The first article I ever wrote on this site was about Wonder Woman, so it seems somewhat appropriate that the first full-length article I write after coming back from my extended break is about DC’s latest effort in their cinematic universe; Shazam! Shazam tells the story of fourteen-year-old Billy Batson (Asher Angel), a foster child who stumbles across a wizard while searching for his birth mother. The wizard gives Billy the ability to become a super-buff Zac Levi (aka the superhero Shazam) because he sees in Billy someone who is pure of heart… and because he is dying and in desperate need of someone to carry out his legacy. Add to that seven monstrous sins, a scientist gone mad in his search for magic and a delightful foster family and you pretty much have the entire movie.
Shazam is the first non-horror feature film from Swedish director David F. Sandberg, and while there are moments where the audiences will have tingles run down their spine, this movie feels like it’s aimed at a slightly younger audience than DC’s previous efforts. Shazam features teenagers that, for the most part, actually feel like teenagers. Billy may be apparently pure of heart, but he acts like a jerk for a lot of the film and his foster brother, Freddy (Jack Dylan Grazer) is an excellent mix of teenage sarcasm, self-obsession and nerdery. The tone captures a perfect mix between high school drama and superheroes, with a touch of Stranger Things thrown in for good measure. Shazam doesn’t feel like any of the other DC movies, and as far as I’m concerned that’s absolutely brilliant.
That’s not to say that DC’s recent efforts haven’t measured up to Shazam. Both Wonder Woman and Aquaman were wonderful, even if they both had their flaws. I loved watching James Wan’s take on an Indiana Jones-style adventure under the sea, an adventure only made better by Jason Mamoa’s undeniable charisma. I adored Patty Jenkin’s somewhat dark but ultimately hopeful take on Wonder Woman, and especially Gal Gadot’s performance. But what makes Wonder Woman, Aquaman and Shazam so great is that none of them feel like each other. They are all absolutely their own films with individual styles decided upon by their writers and directors.
This may be a dangerous thing to say as Marvel hype reaches a fever pitch (at time of writing the cinematic release of Avengers: Endgame is less than two weeks off), but I don’t feel that Marvel has managed to keep that individual nature in the same way. It might be because I’ve seen so many more of them, but I suspect it has more to do with the formula that the studio and Kevin Feige seems to have developed. As multiple Marvel directors have mentioned, there is often a list handed to them of the introductions, crossovers and setups that each of their films must contain at the beginning of pre-production. This has lead to, with the exemption of Thor: Ragnarok, what feels like an almost total stagnation of creativity.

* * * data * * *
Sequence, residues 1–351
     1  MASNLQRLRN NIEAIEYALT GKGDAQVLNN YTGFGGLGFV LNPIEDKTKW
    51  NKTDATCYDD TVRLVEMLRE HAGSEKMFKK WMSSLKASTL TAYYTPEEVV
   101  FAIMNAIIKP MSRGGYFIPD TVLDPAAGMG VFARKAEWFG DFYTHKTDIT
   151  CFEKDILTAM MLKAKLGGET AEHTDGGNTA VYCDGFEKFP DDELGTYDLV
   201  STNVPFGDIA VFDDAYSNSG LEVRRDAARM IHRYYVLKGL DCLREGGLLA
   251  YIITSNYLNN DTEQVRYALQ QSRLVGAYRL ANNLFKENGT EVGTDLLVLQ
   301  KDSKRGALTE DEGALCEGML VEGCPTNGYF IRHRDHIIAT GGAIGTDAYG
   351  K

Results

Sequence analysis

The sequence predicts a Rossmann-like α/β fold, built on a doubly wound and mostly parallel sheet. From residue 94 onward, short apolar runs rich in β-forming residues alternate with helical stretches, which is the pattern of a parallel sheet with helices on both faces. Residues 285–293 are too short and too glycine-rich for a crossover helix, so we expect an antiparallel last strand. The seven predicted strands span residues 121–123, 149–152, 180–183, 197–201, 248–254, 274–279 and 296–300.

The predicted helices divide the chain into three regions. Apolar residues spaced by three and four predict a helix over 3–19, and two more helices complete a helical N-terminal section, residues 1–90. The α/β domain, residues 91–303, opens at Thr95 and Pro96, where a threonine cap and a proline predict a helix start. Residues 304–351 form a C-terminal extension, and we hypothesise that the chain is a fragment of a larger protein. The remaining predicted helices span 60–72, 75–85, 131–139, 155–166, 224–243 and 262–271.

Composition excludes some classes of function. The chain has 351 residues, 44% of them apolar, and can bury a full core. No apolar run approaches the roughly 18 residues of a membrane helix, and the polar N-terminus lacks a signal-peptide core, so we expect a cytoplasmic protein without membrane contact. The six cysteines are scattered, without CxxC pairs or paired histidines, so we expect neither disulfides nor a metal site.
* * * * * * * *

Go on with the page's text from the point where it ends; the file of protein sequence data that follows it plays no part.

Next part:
On the other hand, DC’s recent efforts have revelled in their different directors, letting them create superhero movies that not only have radically different styles but borderline different genres. I suspect a large part of the reason they’ve been able to embrace the individual talents of their directors so much is their recent decision to forget about the big team-up films. The cast and crew of Shazam didn’t have to worry about setting up the next big bad for Aquaman or throwing around references to Wonder Woman’s adventures in the 1980s, their only concern was bringing David F Sandberg’s Shazam to life. Having nothing other than a winking grin at the rest of the DC universe has allowed Shazam to be entirely its own thing, and given its tone, quite possibly bring a new younger audience to the DCEU.
This isn’t an issue of Marvel versus DC in the end, despite what it seems to be, but rather an issue of what can happen when a studio allows its directors little to no creative freedom. Warner Brothers have seemingly learnt from their lesson of butchering the hell out of the early DC films in post-production (Justice League and Suicide Squad spring to mind), and have decided to allow their directors more creative control over their individual projects. If that means more films like Shazam, I can’t help but be excited.